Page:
Poland passes judiciary, wind farm laws in bid to unlock EU funds
Poland’s parliament on Wednesday (8 February) passed two pieces of legislation the government hopes will unblock billions in European Union funds, but doubts remained over whether the president would sign the judicial reform bill into law.
The most contentious reforms for those in Poland’s ruling camp concern the judicial system.
To become law, the bill needs to be signed by President Andrzej Duda. He can also veto it or refer it to the Constitutional Tribunal for review.
“We will now continue to follow the next steps in the legislative process,” Didier Reynders, EU Commissioner for Justice, said on Twitter.
The lower house parliament also passed legislation changing some of Europe’s strictest rules on developing wind farms, backtracking on a government proposal that had aimed to more than double the existing capacity. That bill now goes to the upper house.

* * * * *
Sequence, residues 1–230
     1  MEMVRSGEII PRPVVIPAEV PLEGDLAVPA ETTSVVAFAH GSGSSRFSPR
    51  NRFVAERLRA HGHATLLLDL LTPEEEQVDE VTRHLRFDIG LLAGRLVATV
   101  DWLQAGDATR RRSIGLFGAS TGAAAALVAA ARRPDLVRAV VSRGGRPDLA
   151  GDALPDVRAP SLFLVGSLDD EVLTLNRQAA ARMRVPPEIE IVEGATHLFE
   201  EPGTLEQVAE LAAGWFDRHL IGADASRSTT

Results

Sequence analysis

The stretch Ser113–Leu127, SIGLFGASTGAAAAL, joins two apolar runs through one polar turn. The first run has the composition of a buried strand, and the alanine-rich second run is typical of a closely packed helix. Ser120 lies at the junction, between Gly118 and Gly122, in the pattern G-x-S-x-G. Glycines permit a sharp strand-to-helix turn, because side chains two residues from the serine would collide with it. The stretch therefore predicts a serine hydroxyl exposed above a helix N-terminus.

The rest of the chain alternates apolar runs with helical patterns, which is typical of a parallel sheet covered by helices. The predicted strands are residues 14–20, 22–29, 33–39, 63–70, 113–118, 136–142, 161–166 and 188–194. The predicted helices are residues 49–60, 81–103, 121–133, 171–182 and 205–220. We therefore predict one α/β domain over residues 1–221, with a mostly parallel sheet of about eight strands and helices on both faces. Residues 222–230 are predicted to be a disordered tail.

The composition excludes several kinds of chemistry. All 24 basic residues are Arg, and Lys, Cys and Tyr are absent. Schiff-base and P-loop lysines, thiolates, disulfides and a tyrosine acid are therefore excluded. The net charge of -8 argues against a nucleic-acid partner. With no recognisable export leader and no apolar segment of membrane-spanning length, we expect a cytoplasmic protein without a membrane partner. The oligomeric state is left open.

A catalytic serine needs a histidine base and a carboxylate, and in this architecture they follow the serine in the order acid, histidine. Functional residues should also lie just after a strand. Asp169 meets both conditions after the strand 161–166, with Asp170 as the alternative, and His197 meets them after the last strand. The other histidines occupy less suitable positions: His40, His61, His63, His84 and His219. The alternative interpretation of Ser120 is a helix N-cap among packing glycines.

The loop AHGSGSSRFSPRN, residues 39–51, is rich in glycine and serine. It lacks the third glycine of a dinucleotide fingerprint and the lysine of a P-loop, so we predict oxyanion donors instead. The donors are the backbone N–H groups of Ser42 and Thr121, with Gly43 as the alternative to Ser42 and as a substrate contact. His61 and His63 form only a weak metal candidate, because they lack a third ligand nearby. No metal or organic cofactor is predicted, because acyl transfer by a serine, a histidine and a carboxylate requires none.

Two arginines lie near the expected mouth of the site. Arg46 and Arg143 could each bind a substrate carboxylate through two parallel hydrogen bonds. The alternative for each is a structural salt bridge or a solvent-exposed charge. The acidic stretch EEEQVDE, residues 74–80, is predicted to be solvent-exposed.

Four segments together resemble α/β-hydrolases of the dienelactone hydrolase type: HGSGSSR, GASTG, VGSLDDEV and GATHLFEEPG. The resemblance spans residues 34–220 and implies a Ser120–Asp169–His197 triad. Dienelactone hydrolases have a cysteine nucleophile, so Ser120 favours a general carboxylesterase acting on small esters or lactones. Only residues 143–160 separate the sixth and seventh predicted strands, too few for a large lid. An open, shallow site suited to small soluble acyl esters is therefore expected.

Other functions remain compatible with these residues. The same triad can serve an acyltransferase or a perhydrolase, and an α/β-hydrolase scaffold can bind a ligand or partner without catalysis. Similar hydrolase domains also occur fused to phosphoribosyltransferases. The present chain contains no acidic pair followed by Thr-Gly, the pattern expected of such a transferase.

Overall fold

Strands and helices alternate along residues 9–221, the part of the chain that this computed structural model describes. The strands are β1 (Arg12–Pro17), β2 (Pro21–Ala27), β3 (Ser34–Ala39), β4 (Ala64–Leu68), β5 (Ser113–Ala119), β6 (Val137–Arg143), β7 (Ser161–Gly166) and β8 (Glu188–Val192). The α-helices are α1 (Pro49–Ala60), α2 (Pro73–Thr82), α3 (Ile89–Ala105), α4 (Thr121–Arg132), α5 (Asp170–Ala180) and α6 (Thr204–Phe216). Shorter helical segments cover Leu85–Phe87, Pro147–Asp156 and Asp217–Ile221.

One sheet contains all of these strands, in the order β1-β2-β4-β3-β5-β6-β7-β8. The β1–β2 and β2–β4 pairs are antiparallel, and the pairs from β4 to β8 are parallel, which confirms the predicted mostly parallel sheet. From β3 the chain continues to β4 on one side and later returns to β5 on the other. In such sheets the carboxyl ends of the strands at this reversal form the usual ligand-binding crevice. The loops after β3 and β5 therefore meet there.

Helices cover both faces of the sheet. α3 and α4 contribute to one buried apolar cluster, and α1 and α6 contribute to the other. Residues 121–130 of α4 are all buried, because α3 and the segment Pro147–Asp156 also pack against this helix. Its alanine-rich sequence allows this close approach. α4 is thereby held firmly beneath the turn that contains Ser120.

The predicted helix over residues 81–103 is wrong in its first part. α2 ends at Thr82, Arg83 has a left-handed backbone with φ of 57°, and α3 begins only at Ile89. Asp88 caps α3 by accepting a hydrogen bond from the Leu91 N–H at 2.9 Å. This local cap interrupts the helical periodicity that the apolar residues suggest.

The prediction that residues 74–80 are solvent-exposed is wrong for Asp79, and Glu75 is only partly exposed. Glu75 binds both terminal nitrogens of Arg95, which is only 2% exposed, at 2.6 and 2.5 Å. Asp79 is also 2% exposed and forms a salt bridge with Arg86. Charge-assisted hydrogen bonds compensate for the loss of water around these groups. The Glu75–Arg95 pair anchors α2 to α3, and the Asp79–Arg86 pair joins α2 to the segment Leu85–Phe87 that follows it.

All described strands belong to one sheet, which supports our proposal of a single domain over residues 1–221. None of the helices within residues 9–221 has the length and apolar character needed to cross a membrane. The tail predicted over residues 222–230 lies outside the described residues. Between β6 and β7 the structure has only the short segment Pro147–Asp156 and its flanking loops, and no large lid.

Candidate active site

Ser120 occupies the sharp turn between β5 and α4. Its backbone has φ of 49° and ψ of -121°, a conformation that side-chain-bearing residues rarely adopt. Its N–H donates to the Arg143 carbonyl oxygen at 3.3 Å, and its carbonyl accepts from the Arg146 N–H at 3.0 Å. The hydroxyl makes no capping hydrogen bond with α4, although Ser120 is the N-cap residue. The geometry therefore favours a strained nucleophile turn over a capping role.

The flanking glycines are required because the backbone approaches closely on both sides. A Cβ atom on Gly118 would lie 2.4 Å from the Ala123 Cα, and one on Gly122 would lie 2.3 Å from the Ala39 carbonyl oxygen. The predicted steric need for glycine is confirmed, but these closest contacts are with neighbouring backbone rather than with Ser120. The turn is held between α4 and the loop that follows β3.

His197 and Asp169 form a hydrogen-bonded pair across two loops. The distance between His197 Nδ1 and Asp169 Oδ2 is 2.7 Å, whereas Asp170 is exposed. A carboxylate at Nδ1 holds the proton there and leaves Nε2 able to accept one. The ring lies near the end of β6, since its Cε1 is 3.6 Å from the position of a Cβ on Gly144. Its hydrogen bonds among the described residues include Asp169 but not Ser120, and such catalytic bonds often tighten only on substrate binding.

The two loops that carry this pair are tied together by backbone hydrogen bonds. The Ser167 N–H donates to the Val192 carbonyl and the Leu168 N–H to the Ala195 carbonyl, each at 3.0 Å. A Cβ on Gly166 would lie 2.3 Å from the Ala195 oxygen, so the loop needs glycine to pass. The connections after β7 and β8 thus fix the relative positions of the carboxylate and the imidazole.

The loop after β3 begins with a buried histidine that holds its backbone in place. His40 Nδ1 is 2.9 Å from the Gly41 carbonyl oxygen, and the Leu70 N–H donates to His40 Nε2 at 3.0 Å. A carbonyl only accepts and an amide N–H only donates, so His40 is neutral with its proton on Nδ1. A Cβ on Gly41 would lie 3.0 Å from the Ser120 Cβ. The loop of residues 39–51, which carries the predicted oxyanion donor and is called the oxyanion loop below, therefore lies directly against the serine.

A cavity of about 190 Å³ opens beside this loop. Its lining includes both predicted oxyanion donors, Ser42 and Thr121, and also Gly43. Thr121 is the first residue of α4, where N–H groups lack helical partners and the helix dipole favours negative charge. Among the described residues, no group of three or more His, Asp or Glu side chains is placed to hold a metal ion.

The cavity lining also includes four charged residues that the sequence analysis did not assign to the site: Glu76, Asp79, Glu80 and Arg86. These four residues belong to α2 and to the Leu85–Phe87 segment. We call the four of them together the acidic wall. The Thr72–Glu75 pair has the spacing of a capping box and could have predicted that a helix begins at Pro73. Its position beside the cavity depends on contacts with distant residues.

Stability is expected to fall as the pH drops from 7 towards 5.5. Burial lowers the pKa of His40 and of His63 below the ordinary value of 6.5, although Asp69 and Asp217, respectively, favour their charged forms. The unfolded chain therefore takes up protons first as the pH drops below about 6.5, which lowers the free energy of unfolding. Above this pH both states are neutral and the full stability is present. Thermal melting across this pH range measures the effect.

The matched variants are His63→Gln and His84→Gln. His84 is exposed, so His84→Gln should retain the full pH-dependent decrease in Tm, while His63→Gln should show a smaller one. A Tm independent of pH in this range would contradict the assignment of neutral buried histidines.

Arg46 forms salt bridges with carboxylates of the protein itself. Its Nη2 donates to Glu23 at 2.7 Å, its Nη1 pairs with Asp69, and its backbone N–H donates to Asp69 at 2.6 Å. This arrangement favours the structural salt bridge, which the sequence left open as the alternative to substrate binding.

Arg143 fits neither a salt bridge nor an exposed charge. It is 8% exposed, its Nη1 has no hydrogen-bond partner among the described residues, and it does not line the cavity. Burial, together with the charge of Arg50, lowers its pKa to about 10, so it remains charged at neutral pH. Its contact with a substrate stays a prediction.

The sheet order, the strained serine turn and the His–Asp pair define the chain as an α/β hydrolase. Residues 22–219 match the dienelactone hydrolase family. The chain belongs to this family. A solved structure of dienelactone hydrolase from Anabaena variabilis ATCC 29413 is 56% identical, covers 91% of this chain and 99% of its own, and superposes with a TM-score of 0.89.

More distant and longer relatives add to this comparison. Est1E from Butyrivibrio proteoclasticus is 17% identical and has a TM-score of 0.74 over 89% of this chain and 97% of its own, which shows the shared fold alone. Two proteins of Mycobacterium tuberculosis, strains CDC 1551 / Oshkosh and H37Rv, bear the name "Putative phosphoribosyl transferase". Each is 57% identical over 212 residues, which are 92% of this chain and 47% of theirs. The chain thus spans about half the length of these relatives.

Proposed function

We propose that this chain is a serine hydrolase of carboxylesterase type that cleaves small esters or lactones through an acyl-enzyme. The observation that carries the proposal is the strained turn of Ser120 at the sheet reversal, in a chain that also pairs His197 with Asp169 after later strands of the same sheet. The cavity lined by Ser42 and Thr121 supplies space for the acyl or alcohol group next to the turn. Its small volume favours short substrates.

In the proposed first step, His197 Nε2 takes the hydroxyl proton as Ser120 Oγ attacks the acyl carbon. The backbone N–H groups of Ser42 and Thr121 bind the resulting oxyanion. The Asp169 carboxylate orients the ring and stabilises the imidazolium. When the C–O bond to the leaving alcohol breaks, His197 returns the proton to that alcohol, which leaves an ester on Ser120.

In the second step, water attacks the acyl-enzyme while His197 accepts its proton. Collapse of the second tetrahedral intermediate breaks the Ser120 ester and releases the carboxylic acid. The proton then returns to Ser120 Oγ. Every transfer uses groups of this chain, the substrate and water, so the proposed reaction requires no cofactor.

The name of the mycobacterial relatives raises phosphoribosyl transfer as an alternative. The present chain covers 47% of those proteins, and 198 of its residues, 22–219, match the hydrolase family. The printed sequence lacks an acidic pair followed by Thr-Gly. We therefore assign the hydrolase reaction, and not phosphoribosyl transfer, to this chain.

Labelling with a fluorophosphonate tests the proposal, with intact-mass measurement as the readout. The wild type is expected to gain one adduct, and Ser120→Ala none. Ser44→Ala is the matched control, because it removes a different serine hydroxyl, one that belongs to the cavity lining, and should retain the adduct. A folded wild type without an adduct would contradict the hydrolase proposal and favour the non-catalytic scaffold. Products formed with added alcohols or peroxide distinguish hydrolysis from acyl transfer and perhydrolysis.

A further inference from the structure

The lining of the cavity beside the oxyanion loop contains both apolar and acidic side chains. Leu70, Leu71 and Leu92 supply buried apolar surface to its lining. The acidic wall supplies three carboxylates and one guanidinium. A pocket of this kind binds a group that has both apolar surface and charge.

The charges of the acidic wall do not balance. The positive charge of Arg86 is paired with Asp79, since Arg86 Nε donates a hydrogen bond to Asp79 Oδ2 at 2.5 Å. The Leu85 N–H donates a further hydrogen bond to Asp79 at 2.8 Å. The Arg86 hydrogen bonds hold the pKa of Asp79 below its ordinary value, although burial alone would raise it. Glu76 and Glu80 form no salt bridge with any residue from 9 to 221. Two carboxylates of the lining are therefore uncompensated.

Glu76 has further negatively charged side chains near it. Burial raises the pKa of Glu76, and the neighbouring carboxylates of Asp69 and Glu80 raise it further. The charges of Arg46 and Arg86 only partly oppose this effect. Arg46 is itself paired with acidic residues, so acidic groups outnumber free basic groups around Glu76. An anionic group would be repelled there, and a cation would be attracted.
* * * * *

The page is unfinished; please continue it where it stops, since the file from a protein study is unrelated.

Poland’s controversial wind energy law voted on this week
The Polish Parliament is working to amend the country’s infamous wind turbine act, which currently blocks onshore wind farm development in Poland, but critics say the new version does little to solve the problem.